For many decades, we’ve enriched foreign industry at the expense of American industry; subsidized the armies of other countries while allowing for the very sad depletion of our military; we’ve defended other nation’s borders while refusing to defend our own; and spent trillions of dollars overseas while America’s infrastructure has fallen into disrepair and decay.

We’ve made other countries rich while the wealth, strength, and confidence of our country has disappeared over the horizon.

One by one, the factories shuttered and left our shores, with not even a thought about the millions upon millions of American workers left behind.
The wealth of our middle class has been ripped from their homes and then redistributed across the entire world.

That’s just a bizarre description of reality. We’re richer than ever and our military is lavishly funded. It’s true that the manufacturing economy that existed in the 1950s and 1960s has been replaced by a much different one. It’s true that the middle class has shrunk, with the wealth distribution polarized. It’s not, however, true that it’s because jobs have gone overseas. Nor is there any way for the president to restore that bygone economy.

Beyond that, though, it’s simply not the unifying, uplifting rhetoric one expects in our quadrennial ceremony celebrating our democracy.

But that is the past. And now we are looking only to the future. We assembled here today are issuing a new decree to be heard in every city, in every foreign capital, and in every hall of power.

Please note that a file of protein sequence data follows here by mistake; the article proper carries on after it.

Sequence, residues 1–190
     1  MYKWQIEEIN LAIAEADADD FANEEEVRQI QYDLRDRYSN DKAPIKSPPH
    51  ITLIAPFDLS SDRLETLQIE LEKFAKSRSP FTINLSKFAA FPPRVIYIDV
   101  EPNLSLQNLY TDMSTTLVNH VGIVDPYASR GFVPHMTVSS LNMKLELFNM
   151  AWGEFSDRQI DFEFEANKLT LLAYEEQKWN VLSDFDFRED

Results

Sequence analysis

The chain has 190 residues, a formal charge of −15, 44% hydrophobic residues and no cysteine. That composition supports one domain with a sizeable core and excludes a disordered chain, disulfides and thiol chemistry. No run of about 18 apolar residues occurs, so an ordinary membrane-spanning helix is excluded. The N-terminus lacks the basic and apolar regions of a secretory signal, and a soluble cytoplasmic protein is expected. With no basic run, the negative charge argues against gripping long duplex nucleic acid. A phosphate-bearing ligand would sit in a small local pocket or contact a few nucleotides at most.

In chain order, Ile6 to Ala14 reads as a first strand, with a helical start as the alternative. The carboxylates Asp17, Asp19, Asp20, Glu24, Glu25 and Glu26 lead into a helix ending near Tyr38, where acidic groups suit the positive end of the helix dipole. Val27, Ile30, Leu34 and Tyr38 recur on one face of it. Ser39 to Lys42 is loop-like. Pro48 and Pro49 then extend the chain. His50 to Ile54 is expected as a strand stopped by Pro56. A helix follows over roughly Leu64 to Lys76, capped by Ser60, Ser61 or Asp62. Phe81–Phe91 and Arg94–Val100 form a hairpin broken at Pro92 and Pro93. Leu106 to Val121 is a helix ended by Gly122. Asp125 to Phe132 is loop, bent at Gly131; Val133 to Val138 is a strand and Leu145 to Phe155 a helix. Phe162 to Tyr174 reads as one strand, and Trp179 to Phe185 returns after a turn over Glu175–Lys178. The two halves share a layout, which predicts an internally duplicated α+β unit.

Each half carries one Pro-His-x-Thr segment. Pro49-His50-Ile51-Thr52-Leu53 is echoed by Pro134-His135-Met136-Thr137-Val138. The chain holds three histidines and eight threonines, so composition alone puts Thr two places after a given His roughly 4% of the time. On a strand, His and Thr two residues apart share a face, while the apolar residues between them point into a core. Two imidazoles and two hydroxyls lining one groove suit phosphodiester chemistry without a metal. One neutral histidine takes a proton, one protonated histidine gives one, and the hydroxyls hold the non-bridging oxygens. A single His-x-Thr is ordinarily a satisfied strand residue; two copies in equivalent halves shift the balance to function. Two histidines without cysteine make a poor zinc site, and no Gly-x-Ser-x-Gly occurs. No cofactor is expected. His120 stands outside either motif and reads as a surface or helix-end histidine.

From this day forward, a new vision will govern our land.
Democratic leaders do not issue decrees. Especially dictating national visions.
From this moment on, it’s going to be America First.

By now, he knows the historical connotations of that phrase. That he continues to use it is startling. So is his interpretation of how to use it as a governing vision:

Every decision on trade, on taxes, on immigration, on foreign affairs, will be made to benefit American workers and American families. We must protect our borders from the ravages of other countries making our products, stealing our companies, and destroying our jobs. Protection will lead to great prosperity and strength.

So, back to the good old days of Smoot-Hawley and mercantilism.

I will fight for you with every breath in my body — and I will never, ever let you down.

America will start winning again, winning like never before.

We will bring back our jobs. We will bring back our borders. We will bring back our wealth. And we will bring back our dreams.

We will build new roads, and highways, and bridges, and airports, and tunnels, and railways all across our wonderful nation.

We will get our people off of welfare and back to work — rebuilding our country with American hands and American labor.

We will follow two simple rules: Buy American and hire American.

Aside from the simplemindedness of it, all, that’s not terrible by the standards of the speech thus far.

We will seek friendship and goodwill with the nations of the world — but we do so with the understanding that it is the right of all nations to put their own interests first.